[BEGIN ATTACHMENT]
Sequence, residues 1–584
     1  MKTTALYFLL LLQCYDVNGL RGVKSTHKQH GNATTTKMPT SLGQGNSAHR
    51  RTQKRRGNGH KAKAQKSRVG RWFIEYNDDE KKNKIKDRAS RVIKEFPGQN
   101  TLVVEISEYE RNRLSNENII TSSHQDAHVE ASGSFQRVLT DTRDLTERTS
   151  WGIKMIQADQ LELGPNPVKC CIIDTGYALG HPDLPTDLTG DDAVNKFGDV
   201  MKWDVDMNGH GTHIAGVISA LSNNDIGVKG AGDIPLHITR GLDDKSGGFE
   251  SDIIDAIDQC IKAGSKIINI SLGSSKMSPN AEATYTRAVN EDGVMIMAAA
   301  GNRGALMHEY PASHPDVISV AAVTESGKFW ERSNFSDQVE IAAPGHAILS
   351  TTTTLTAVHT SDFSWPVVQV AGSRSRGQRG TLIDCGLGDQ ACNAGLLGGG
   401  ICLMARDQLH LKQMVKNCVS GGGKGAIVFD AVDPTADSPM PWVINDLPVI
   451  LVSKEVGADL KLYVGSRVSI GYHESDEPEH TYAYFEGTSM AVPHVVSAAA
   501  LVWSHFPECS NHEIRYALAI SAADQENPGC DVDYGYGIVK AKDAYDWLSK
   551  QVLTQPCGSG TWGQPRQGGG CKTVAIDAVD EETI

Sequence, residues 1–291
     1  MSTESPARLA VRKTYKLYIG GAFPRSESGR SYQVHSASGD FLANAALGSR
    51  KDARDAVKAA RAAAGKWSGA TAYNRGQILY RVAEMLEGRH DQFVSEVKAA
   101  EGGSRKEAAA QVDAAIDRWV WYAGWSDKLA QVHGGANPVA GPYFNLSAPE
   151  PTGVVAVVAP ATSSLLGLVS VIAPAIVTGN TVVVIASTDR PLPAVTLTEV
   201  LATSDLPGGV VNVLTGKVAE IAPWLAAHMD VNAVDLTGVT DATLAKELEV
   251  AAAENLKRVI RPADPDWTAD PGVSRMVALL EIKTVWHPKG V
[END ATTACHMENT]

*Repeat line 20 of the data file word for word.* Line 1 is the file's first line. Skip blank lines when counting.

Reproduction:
   251  AAAENLKRVI RPADPDWTAD PGVSRMVALL EIKTVWHPKG V